Other Tories would support his. Lord Heseltine said that the UK must make the union “work” in British interests. He claims that “in what is an extremely fragile world situation, if you want to light the tinder box, just start saying Britain is going to start renegotiating its position in Europe. That is just about the last thing that anybody wants.” Some Tories acknowledge that the European Union, the Franco-German axis, and the world, is so fragile, rebellious Tory backbenchers may very well bring the whole house of cards crashing down.
It also helps life within the coalition, if we want to be even more cynical. The Liberal Democrats have already suffered massive humiliation – they were forced to vote in higher student fees for university students (c.£9000/10200 Euros per year of study... yes, you heard right), and have lost a referendum on changing Britain’s voting system from First Past the Post to a more proportional Alternative Vote system. There is tension between them and the Tories on taxation levels, healthcare and the last government’s banning of fox-hunting. Throwing a referendum on Europe into the mix could tear the government apart, leaving it lame, or even forcing an election. One that the Europhile Liberal Democrats would suffer in.
For these two reasons, it is easier for the Tories to have a group of MPs calling for renegotiation of EU membership than calling for withdrawal. So, they’ve created it first, under their guidance, with aims that they’re promising anyway. The group was greenlit by William Hague, and was attended by Conservative Whips (members of the party who ensure all members vote how the leadership desires). It seems plausible when the group explicitly denied that withdrawal was their aim.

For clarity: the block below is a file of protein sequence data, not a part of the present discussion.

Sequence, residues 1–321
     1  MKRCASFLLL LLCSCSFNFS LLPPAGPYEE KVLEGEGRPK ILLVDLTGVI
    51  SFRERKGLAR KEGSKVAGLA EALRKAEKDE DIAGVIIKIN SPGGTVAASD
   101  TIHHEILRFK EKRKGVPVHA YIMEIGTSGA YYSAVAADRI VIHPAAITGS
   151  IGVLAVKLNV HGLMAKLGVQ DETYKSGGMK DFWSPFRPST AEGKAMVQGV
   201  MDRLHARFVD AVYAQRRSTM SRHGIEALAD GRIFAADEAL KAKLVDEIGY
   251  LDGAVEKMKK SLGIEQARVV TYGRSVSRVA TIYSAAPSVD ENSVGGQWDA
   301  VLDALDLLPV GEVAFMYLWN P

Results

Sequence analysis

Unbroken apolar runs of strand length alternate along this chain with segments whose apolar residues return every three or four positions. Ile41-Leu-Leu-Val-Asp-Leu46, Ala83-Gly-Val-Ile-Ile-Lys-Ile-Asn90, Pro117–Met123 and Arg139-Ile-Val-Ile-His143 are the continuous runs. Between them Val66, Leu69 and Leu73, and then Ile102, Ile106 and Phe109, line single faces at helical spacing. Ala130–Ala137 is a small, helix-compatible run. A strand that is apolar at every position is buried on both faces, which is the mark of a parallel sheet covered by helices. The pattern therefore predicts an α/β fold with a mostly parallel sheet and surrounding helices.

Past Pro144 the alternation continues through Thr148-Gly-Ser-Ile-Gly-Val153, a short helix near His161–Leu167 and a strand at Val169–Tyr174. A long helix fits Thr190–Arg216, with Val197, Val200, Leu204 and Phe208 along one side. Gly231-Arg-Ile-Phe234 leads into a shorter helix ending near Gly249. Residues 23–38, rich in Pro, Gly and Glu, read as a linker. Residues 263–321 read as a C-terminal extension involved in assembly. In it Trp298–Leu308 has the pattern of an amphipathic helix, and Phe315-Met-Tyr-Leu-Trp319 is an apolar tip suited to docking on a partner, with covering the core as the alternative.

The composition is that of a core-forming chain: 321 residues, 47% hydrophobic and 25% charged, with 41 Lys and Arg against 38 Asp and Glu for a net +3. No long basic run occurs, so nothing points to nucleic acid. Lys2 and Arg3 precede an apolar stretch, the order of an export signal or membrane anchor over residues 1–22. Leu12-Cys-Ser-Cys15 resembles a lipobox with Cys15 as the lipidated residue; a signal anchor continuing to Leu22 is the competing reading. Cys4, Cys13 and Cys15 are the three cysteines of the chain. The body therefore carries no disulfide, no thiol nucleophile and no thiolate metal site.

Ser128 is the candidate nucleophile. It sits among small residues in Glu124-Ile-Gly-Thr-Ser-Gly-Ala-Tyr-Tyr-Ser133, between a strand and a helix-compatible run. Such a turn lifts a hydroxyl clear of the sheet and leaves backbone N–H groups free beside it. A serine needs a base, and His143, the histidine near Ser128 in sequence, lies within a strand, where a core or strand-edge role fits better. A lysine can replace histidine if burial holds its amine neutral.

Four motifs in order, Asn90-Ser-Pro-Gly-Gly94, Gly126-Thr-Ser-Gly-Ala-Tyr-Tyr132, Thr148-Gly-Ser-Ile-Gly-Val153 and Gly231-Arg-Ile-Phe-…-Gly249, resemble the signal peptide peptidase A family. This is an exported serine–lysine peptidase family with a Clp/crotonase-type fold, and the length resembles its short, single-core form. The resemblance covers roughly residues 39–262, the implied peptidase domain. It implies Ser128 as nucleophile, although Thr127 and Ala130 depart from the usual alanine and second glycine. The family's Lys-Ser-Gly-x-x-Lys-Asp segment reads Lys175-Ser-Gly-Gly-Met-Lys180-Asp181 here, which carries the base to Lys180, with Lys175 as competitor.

It recalls John Major’s government following the Maastricht Treaty – he faced a rebellion on the right of his party. In a leaked recording he referenced Lyndon Johnson, the American President, talking about J. Edgar Hoover, the head of the FBI, - “it’s probably better to have him inside the tent pissing out than outside pissing in”. It was better for him to keep prominent Eurosceptics in his cabinet, than to fire them and risk them forming a group to challenge his leadership.
Thus, it could very well be that the emergence of this new group is an internal move, one more concerned with quelling domestic disputes, one attempting to come to some level of harmony within the EU, instead of risking the likely withdrawal a referendum would force.
This does not mean that Europhiles, in Britain and elsewhere, should be complacent. The fact that this group may be a Conservative HQ attempt to avoid open confrontation over Europe, does not mean that the issue will not trigger conflict, and it still shows that Euroscepticism is rampant in Britain. The European Union Bill, which forces a referendum on almost ANY transfer of powers and competencies to Europe; the Conservatives’ creation of the European Conservatives and Reformists group in the European Parliament (a throwback to the days of the European Democrats, pre EPP-ED); recent rhetoric over withdrawing from the European Convention of Human Rights in order to develop a British version, all show that this government is taking steps further and further from a position of cooperation with its European partners...and more worryingly, it receives broad support from the British public. We must continue to do our best to show that Britain benefits from EU membership, that it is a stronger, wealthier and more Great Britain when cooperating with Europe than without Europe, that it is a nation that warrants and deserves a place at the heart of European politics and that departure is not a sensible option. We must show that subsidiarity trumps ever-closer union. We must show the advantages of European Union membership. We must fight the lies that surround the EU.
We have time. The Tories will likely have to wait until 2013, until France and Germany have had their elections, and more serious discussions on the Eurozone are taking place. The aim is to kick the Eurozone when its down. Liberal Democrat leader Nick Clegg had warned Cameron that the crisis in the Eurozone is no time to demand Britain’s “pound of flesh”. We may see either the disintegration of the Eurozone, of the European Union, or of stable British government.
On the Eurosceptic fringe of the European continent, the fight to raise awareness of the benefits of EU membership is always going to be hard. While it’s doubtful that an in/our referendum will occur in Britain, the fact that some recent polls show that 52% would vote to leave, as opposed to a mere 30% voting should rightly terrify Europhiles. The fight is long, the fight is difficult, but the fight must be fought.